Friday, January 8, 2010

Children are people, too

I told a new friend of mine the other day that one of the mantras I work with in pastoral ministry is "Children are people, too". He chuckled a bit, largely because to him that truth is self-evident. But for too many, we too easily forget...

Over the years I have regularly made my point to groups of people by this simple scenario: The Bible says to love your neighbors, so please picture your neighbors in your mind's eye. Got the picture in your head? Good. Any children in that mental picture? If you hadn't already read the beginning of this post (and you're being honest) you'd have to admit that most likely kids didn't enter your thoughts.

This is a shame.

When we're thinking about discipleship, do we stop to think about children? Too often, no. We think about entertaining kids, playing with kids, keeping kids safe, loving kids, etc... but we rarely (in my experience) think about discipling kids.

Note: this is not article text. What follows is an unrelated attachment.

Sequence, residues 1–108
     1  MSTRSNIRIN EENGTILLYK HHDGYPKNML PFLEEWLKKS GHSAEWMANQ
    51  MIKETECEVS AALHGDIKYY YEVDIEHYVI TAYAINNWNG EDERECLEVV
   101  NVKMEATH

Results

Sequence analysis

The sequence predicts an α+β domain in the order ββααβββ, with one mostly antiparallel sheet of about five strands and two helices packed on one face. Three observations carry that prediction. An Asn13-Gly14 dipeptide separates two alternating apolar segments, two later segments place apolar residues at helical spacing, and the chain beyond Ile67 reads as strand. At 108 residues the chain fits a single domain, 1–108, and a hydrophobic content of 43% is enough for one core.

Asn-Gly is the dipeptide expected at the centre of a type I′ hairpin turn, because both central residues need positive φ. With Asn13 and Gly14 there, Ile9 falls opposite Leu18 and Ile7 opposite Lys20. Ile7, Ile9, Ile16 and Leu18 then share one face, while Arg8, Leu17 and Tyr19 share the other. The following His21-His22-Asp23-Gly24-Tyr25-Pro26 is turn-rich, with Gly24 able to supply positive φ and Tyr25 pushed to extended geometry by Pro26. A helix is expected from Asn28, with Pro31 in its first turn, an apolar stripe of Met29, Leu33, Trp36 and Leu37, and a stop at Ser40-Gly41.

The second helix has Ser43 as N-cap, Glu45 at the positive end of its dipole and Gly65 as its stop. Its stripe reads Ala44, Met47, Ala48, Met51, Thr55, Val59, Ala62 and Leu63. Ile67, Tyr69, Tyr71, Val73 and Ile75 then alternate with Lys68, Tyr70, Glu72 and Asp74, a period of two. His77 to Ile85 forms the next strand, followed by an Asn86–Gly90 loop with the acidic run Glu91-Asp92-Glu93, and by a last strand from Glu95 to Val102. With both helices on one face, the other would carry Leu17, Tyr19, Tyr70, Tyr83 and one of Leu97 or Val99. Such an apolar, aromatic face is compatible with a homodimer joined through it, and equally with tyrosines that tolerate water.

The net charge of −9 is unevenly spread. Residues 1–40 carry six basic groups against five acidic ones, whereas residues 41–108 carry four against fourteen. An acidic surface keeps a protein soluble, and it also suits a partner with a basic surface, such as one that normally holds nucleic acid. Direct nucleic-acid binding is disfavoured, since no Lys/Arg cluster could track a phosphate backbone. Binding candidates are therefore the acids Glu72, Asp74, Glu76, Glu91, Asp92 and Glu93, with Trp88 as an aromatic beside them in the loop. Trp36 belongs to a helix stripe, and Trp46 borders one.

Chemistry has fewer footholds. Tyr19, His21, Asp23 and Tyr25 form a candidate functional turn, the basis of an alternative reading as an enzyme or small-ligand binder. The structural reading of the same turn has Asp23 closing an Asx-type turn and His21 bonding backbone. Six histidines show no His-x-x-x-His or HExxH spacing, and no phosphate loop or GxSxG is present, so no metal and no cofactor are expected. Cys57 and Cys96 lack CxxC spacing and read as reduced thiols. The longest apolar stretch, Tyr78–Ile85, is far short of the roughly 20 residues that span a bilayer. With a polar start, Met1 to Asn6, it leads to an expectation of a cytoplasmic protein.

If the Gospel is powerful enough to make these earthly children into children of God, surely that same Gospel is powerful enough to make of them faithful followers as well.

Discipleship should and, frankly, must include our youngest souls. Failure to include them in the conversation of local church discipleship activities will only perpetuate the problems we already have with children and young people today.

What's particularly encouraging to me is the (culturally) postmodern notion of life in community. We as the local church are called to live in community; culturally postmodern people tend to desire life in community, too. The only trouble I sometimes see: pomo culture is interested in life in (adult) community. Too often there's little room for children even for this sub-culture.

What's to be done?


1 comment:

Mom of 3 said...

You and I had an exchange several years ago on this topic, with regard to unschooling. The basic tenent of unschooling is that children have voices deserving to be heard.
Respect is for everyone, we need to model respectful, Christ-loving behavior; if it doesn't happen in our own homes, what kind of witness can we be?
Great post.